In California, the state’s anti-SLAPP law (which stands for strategic lawsuits against public participation) has also been used to fend off individual libel claims stemming from speech on issues of ‘public importance.’
But not everything falls under that category of public discourse.
Courtney Love found that out in October, when a Los Angeles Superior Court judge denied a special motion to dismiss the case against her by celebrity designer Dawn Simorangkir
Love commissioned the Texas-based designer to create custom clothing, flying her out to Los Angeles to giver her specialty materials.
When the two had a falling out over prices, Simorangkir allegedly kept the clothes. Love retaliated by posting 38 statements to MySpace and Twitter, calling the designer ‘felonious’ and said she’d be ‘hunted till your dead,’ according to court records. Love also authored three comments on the retail Web site Etsy, warning potential customers she was a ‘total scumbag, lying rip-off’ and a drug addict, the complaint said.
Simorangkir accused Love in the lawsuit of ‘using her influence to reach millions of people’ through tweets and blog posts to destroy the designer’s small business. The judge has so far allowed the case to proceed.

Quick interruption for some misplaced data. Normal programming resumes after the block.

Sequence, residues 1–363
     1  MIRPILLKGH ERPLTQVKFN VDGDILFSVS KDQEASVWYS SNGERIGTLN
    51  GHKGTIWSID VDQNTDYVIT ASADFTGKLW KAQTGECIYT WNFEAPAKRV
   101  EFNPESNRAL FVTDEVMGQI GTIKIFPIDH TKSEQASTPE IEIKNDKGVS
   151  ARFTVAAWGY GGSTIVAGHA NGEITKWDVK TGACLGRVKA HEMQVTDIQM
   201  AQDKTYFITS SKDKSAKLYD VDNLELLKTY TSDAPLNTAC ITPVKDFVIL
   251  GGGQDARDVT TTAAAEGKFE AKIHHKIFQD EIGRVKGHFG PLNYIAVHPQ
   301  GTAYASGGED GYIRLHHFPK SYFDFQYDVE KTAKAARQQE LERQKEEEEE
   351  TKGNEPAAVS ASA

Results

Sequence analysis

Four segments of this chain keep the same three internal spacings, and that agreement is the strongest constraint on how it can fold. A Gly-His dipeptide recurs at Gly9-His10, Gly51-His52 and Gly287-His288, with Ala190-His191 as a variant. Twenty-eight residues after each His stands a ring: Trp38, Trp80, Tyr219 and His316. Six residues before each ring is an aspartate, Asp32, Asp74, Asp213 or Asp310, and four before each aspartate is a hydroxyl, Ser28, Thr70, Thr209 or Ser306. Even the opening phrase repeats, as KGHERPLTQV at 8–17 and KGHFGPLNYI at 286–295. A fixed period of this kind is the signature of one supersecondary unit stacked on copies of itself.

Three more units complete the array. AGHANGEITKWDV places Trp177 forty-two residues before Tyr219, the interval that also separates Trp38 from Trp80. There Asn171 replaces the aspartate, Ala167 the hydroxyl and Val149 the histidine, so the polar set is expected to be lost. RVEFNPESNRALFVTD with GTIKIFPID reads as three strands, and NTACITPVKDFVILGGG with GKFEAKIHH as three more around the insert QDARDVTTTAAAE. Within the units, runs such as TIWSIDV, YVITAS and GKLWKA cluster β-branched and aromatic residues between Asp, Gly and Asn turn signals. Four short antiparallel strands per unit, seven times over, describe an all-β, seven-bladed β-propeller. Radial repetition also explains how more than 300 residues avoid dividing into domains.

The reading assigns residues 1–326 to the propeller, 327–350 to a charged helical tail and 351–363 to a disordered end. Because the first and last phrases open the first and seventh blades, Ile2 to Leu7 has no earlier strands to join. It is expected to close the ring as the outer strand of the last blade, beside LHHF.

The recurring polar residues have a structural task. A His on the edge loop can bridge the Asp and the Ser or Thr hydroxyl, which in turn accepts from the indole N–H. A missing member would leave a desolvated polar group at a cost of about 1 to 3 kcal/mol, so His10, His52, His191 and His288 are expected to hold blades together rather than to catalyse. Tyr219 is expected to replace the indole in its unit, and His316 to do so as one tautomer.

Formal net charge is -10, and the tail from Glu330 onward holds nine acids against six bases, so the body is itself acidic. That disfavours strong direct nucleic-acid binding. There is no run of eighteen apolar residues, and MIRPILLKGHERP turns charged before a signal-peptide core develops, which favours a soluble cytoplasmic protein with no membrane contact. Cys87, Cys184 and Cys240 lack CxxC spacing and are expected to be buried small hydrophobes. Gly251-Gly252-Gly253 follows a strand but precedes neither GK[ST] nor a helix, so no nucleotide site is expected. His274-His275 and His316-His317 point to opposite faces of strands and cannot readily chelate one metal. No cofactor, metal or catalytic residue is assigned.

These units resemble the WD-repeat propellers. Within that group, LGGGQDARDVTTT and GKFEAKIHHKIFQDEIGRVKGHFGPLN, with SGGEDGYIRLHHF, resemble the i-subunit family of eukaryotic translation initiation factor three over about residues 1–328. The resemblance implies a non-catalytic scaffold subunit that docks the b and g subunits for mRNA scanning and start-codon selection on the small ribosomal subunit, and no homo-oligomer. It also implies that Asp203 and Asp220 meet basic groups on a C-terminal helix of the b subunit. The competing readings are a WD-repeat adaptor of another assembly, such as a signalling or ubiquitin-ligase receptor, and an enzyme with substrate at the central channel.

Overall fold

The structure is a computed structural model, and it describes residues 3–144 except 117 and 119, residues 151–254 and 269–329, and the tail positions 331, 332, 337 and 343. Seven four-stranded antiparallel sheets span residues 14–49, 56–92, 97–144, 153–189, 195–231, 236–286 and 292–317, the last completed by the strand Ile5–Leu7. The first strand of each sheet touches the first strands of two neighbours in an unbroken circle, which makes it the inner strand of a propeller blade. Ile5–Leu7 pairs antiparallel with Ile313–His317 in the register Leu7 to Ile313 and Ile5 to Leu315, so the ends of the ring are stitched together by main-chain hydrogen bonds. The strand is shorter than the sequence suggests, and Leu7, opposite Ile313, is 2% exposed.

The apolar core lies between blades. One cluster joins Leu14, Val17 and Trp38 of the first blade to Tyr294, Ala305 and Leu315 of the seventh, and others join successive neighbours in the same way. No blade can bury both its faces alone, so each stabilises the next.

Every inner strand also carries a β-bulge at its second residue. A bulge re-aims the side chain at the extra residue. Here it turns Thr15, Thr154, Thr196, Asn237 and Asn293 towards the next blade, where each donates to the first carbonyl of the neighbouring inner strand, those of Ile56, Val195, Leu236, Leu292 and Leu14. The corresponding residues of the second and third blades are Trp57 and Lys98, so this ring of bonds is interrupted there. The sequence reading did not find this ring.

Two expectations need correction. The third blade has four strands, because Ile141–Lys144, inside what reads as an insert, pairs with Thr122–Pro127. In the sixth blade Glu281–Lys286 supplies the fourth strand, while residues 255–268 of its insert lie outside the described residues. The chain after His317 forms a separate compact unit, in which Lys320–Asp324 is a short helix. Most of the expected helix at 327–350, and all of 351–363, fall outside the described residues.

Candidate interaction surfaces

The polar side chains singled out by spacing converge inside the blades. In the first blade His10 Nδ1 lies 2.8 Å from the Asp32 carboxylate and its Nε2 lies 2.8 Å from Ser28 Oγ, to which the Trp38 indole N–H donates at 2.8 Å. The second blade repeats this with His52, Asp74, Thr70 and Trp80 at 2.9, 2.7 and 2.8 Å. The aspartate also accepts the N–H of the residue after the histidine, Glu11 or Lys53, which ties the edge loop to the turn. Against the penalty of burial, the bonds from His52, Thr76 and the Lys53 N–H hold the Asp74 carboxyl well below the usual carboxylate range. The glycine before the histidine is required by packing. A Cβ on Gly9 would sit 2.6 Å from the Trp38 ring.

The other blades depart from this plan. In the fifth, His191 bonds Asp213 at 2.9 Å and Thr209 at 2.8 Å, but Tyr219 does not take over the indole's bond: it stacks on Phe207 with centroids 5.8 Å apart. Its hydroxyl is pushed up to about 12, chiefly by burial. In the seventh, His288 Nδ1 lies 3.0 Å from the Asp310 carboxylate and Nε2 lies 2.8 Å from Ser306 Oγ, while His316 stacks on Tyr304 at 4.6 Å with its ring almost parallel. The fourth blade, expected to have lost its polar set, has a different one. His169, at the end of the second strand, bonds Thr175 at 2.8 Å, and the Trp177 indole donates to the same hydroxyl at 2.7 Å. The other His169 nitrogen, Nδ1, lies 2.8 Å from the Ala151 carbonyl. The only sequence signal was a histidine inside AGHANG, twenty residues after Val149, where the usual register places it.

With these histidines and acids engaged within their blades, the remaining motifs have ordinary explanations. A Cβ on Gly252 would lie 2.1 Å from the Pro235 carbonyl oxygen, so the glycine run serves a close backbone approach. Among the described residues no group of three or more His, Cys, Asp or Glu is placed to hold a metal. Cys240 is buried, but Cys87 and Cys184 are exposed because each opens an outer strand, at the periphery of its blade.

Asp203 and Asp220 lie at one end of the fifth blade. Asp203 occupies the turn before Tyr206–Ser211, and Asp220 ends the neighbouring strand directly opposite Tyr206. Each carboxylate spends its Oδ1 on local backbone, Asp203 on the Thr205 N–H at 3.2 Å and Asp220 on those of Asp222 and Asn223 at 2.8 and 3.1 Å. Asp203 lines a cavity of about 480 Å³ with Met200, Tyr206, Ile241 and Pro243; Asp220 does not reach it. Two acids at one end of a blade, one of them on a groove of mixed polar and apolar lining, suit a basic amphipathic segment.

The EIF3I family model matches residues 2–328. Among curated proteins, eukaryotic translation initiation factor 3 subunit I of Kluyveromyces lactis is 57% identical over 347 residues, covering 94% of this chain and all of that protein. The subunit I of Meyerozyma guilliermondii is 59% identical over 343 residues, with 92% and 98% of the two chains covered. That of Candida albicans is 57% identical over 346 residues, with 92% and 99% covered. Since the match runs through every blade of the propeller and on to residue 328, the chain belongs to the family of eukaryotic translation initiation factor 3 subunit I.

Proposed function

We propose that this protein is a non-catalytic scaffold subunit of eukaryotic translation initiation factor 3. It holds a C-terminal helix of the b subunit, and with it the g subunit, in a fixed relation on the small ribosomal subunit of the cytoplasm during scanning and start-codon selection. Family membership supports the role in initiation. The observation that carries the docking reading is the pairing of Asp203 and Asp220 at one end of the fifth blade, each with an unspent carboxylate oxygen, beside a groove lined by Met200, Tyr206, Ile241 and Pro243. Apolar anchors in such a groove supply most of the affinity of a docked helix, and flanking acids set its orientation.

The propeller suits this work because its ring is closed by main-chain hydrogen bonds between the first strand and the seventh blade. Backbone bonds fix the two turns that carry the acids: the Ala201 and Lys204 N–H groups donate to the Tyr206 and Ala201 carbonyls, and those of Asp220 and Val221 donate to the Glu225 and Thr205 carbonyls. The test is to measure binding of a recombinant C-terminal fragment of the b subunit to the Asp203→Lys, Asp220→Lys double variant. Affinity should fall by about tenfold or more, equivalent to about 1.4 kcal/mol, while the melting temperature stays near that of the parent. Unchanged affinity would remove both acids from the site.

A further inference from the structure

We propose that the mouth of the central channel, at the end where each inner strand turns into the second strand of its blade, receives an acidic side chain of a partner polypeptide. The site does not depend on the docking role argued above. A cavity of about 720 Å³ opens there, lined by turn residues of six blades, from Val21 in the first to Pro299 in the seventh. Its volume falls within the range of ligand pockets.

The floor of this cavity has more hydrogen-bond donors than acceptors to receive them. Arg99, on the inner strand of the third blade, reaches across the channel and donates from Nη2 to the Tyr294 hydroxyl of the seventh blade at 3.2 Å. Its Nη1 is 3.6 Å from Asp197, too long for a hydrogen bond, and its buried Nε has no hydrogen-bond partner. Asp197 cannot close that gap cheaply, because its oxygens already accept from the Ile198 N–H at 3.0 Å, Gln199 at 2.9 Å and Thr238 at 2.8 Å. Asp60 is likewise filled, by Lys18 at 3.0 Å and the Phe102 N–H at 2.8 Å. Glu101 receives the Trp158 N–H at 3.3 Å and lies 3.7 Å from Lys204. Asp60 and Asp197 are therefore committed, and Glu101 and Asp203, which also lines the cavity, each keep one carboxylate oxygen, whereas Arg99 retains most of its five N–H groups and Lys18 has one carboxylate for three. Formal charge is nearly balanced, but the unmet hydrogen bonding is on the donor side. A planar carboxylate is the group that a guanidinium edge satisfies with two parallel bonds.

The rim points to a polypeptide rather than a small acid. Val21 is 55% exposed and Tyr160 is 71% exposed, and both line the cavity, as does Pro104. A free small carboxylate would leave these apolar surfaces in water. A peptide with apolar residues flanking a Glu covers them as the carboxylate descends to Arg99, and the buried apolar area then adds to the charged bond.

Bryan Freedman, the attorney representing Simorangkir, said he expects Twitter to spur many more lawsuits because it has so many high-profile and celebrity users who use it to broadcast gossip in real time and limited word-length.
‘Twitter is so instantaneous that with only 140 characters you have to get your punch in right away,’ said Freedman, who has also defended celebrities like Hollywood blog mogul Perez Hilton against Internet libel complaints.
Bryan Freedman said.
‘It’s possible someone can apologize or change what they said. But its unlikely because the people who are on Twitter… are less likely to respond in a way that limits their liability.’
Plaintiff’s attorneys, on the other hand, are not typically cavalier about exposing themselves to liability.
Still, class action lawyer Thomas Howard Clark Jr. found himself on the other side of litigation this November, after he posted a nine-minute video on YouTube soliciting potential class members for a lawsuit against the maker of Procera AVH, a supplement claiming to improve brain function.
According to the complaint, Clark says in the video that the supplement’s advertising is ‘bogus’ and that the pills’ manufacturer, MedHealth, ‘don’t care if you live or die.’
In a complaint filed in San Francisco Superior Court, MedHealth argues that Clarke should be held liable for broadcasting false and defamatory claims on YouTube, which it called an ‘international Internet platform.’
Clark directed questions about the lawsuit to his attorney, who did not return calls for comment.
Some lawyers who specialize in Internet liability issues said individual bloggers were the most vulnerable to defamation lawsuits.